© Reuters. FILE PHOTO: Japanese yen and U.S. dollar banknotes are seen in this illustration picture taken June 16, 2022. REUTERS/Florence Lo/Illustration
By Alun John
HONG KONG (Reuters) – The safe haven dollar gained ground on most peers on Wednesday as investors turned nervous again about global growth prospects, while the yen hit a fresh 24-year low as elevated bond yields in the U.S. and Europe contrasted with low Japanese interest rates.
The euro fell 0.3% to $1.0493, and sterling was down 0.4% at $1.2228 ahead of British consumer price data, as investors turned to the dollar as part of a move away from riskier assets which also saw a stock market rally fizzle out. [MKTS/GLOB]
An elevated CPI figure would add further pressure on the Bank of England to keep raising rates, as Britain, like most developed economies, grapples with sky high inflation.
Wednesday’s other main event is the start of U.S. Federal Reserve Chair Jerome Powell’s two-day testimony to Congress, with investors looking for further clues about whether another 75 basis point rate hike is on the cards at the Fed’s July meeting.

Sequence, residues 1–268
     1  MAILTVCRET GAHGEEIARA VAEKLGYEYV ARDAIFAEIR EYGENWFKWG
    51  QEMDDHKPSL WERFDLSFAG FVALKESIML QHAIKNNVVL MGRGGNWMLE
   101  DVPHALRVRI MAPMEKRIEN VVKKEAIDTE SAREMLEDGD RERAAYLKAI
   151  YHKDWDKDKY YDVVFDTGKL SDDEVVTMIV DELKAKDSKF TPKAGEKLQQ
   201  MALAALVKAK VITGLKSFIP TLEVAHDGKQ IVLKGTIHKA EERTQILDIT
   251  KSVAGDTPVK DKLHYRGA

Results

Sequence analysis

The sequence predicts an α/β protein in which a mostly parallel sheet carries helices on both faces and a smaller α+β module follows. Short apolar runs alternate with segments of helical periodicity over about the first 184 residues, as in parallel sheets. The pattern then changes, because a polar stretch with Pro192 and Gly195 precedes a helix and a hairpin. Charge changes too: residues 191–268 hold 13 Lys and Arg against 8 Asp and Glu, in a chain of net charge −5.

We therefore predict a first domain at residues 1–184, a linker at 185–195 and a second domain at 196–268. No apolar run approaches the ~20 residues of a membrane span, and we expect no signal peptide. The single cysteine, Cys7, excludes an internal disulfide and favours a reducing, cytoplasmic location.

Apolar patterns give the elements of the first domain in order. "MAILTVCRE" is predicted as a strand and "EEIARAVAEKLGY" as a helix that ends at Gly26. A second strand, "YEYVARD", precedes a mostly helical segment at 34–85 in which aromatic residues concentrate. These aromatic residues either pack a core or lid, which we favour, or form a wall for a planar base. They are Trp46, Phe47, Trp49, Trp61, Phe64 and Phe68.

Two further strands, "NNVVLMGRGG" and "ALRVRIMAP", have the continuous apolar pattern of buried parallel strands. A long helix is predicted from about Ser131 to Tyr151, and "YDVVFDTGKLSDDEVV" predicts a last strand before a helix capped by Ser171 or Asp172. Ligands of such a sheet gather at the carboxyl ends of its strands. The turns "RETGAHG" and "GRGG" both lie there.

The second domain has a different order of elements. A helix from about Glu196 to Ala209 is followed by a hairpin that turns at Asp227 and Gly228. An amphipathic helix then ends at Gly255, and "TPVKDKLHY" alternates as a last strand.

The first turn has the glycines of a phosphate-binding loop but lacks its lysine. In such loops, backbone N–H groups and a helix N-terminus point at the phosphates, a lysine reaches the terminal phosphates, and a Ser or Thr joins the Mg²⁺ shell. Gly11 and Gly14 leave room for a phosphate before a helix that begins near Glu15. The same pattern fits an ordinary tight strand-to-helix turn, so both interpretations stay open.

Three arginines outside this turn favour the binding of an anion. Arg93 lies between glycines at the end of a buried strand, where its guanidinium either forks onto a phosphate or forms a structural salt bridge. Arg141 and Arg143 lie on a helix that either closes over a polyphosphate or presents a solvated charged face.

The was 0.3% higher at 104.7.
The yen was last drifting at 136.1 per dollar, firmer on the day, having hit 136.71 in early trade, its lowest since October 1998.
Analysts see no immediate end to a sell-off that has seen the yen weaken 18% so far this year from 115.08 at the end of 2021.
The currency has been weakening as higher energy prices put pressure on Japan’s current account and because of the ever widening gap between yields on Japanese government bonds and U.S. Treasuries.
The Bank of Japan last week maintained ultra-low interest rates and vowed to defend its policy of yield curve control (YCC), which effectively caps the yield on the 10-year Japanese government bond at 0.25%.
“Dollar/yen is continuing to trade on the Treasury yields, which have been stable but with the 10-year staying above the 3.20% level while the Bank of Japan has done a lot to defend YCC,” said Redmond Wong, market strategist at Saxo Markets Hong Kong.
Some investors had bet the BOJ would tweak that policy, which is causing ructions in Japan’s bond market, a move that would typically cause the yen to strengthen and Japanese government bond yields to rise.
Wong said because the BOJ had not changed its policy at last week’s meeting, these positions were now being unwound or reversed with some betting the yen would continue to weaken.
The Australian dollar fell 0.7% to $0.6919, as low commodity prices, such as iron ore, continued to weigh, also losing ground amid the risk off mood.
was at $20,600, struggling to break away from the symbolic $20,000 level in either direction, following recent declines.
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